Visual Culture

14 October 2015

Noted #70

Noted #70

Elsewhere; Yellow: One Illustrated Year; The Eighty-Eight; Auto Play at Graphic Design Festival Breda; and Fabriano notebooks
Here are a few things that caught our attention in recent weeks.

9 October 2015

Dancing glyphs

Dancing glyphs

Franchise Animated – a collaborative project from Dutch foundry Animography – uses the skills of 110 motion designers. By Sarah Snaith
Kinetic typography is not new — it is used in advertising, for film and television title sequences, infographics, music videos and logos – but it is rarely sold as a complete product, as a pre-animated typeface for commercial use, writes Sarah Snaith.

30 September 2015

Pop justice

Pop justice

art, pop, pop art, tate modern

The curators of ‘The World Goes Pop’ have scoured the globe for overlooked and under-appreciated artists from a moment when art collided with the mass media
It is hard to dislike ‘The World Goes Pop’ (Tate Modern), with its mad visual assault on the senses, starting with Ushio Shinohara’s Doll Festival (1966) and finishing with Komar and Melamid’s mordant take-down of Andy Warhol, Roy Lichtenstein and Robert Indiana, writes John L. Walters

24 September 2015

Disappearing act

Disappearing act

The Graphic Workshop was a Boston artists’ collaborative, whose ‘Endangered Species’ poster series is celebrated in a current exhibition. By Paul Dobbs and Elizabeth Resnick
The Graphic Workshop was an artists’ collaborative in Boston that produced hundreds of remarkable silkscreen posters during a 22-year period, write Paul Dobbs and Elizabeth Resnick.

10 September 2015

Eroticism with existential overtones

Eroticism with existential overtones

In the former Yugoslavia, record covers briefly delivered a ‘disco message’ of inclusion, emancipation and hedonism. By Zeljko Luketic
Will there be a disco ball? Or at least roller-skates? Those were the two most common questions I heard while preparing a series of ‘Socialist Disco Culture’ exhibitions, writes Zeljko Luketic.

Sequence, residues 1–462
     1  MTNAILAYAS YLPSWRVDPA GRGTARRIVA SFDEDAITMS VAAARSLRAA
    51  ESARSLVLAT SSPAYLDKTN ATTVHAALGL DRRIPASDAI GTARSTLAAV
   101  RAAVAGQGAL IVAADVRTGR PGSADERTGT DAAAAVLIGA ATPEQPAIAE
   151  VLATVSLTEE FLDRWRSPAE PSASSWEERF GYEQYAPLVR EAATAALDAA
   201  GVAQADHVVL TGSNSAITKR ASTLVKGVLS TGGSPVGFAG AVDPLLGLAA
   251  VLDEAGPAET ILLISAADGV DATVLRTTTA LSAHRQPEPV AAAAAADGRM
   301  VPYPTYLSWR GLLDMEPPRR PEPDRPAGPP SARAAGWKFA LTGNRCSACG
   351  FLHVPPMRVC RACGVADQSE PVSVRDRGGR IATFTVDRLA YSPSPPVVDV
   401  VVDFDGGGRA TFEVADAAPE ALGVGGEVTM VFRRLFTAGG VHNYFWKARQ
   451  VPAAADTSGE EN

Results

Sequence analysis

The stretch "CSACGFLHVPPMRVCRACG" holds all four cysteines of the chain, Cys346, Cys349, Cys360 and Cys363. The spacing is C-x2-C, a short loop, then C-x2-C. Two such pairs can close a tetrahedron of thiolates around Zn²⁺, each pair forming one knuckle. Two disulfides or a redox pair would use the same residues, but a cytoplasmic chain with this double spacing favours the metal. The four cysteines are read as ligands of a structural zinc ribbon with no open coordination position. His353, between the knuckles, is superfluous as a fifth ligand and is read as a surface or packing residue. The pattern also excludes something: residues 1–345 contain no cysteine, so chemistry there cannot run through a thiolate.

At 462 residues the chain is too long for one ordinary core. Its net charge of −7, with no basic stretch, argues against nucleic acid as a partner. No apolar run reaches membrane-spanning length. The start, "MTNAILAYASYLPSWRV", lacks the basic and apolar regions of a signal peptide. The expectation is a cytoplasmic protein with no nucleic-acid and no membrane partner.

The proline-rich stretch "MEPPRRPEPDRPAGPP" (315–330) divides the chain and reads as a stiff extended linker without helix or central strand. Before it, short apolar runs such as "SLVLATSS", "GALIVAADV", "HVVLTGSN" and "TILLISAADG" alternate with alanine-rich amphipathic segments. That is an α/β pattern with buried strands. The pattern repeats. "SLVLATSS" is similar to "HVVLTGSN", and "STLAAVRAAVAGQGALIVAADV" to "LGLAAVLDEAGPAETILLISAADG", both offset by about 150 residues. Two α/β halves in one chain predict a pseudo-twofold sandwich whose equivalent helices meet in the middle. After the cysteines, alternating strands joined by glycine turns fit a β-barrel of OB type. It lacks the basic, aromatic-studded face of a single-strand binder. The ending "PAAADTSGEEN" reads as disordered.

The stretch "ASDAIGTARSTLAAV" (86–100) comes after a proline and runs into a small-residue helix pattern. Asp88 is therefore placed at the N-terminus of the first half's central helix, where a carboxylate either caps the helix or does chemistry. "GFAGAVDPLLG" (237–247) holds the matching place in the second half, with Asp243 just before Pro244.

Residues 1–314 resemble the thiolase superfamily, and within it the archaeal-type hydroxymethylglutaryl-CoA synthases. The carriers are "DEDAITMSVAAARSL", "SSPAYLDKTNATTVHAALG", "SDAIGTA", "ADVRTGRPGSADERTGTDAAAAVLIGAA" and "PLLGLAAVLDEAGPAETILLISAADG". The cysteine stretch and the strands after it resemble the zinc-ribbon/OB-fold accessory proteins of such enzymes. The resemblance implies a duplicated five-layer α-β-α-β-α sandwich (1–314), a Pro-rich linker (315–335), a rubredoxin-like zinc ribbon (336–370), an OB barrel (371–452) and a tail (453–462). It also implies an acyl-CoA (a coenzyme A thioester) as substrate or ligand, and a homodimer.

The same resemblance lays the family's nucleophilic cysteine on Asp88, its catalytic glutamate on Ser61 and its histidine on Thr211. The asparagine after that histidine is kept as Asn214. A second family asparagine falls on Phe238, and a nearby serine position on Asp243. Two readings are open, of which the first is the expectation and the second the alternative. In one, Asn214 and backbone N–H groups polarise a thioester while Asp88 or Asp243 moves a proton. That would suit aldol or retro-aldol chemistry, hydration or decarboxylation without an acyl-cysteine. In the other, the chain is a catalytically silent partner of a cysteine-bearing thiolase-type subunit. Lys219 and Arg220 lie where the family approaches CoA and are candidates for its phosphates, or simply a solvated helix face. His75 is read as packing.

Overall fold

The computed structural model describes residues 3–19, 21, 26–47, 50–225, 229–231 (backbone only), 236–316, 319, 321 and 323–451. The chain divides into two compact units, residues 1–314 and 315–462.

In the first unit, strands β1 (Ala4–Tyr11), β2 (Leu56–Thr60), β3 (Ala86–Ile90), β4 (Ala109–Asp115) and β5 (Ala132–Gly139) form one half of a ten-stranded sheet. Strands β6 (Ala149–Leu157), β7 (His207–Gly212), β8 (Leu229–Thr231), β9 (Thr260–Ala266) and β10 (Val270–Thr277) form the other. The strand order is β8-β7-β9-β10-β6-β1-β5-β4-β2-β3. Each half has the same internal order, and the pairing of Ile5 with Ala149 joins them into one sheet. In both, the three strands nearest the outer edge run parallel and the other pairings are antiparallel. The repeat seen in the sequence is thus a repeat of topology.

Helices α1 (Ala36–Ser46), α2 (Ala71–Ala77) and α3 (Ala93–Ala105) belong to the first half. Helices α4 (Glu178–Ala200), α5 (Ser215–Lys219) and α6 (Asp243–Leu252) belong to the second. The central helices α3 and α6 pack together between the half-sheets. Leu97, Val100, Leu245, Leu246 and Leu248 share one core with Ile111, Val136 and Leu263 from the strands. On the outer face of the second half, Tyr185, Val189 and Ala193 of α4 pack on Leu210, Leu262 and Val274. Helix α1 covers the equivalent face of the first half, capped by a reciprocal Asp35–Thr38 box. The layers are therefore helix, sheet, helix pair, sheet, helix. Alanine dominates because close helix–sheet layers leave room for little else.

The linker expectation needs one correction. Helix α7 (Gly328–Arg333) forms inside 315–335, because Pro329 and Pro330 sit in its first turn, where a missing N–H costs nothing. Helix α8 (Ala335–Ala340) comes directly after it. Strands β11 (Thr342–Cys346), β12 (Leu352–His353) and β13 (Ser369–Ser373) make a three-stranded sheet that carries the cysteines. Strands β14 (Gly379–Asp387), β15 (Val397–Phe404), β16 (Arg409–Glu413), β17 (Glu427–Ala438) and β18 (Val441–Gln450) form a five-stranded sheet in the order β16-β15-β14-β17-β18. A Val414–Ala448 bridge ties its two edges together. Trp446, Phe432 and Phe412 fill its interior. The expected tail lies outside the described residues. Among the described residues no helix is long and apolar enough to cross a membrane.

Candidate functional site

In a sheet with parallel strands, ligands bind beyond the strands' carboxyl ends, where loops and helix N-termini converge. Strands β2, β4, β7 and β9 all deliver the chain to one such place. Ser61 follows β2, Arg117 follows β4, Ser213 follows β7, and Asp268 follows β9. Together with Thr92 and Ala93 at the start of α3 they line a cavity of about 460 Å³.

4 September 2015

Unexpected beauty

Unexpected beauty

Phillip D. Stearns discovers new images and patterns in the twisted glitches of digital media. Kevin J. Hunt reports
Phillip D. Stearns explores digital signals and meanings, a relationship demonstrated in his mesmerising, evolving series of artworks entitled aYearInCode();’, writes Kevin J. Hunt.

29 August 2015

Noted #69

Noted #69

Anorak’s little sister Dot, We Made This, Varoom 30, FE2O3 Glyphs, Nous Vous, Indiecon 2015
Here are a few things – magazines, postcards, projects and events – that caught our attention in recent weeks.

27 August 2015

Illustrated gumbo

Illustrated gumbo

A children’s picturebook about jazz musician Trombone Shorty brims with positive vibes
The story of children’s picturebook Trombone Shorty is a familiar one, writes John L. Walters.

19 August 2015

The freedom principle

The freedom principle

Thierry Noir channels the improvisatory spirit of Berlin in ‘Jazz’ at the Howard Griffin Gallery
Thierry Noir is the street artist’s street artist, painting outdoor surfaces (famously the Berlin Wall) all over the world for more than 30 years, adding colour, line and a quizzical cheerfulness to public spaces, writes John L. Walters.

12 August 2015

Type Tuesday: Web 1.0

Type Tuesday: Web 1.0

The first generation of Web designers laid the foundations of the way we now work, play, share, buy, sell and participate in society. Digital archeologist Jim Boulton introduces four of the pioneers on 1 September at St Bride Library
When Tim Berners-Lee launched the first website in August 1991, it ran on the NeXTSTEP operating system. Only those with access to a cutting edge NeXT computer could view it. The Web was far from worldwide, writes Jim Boulton.
 
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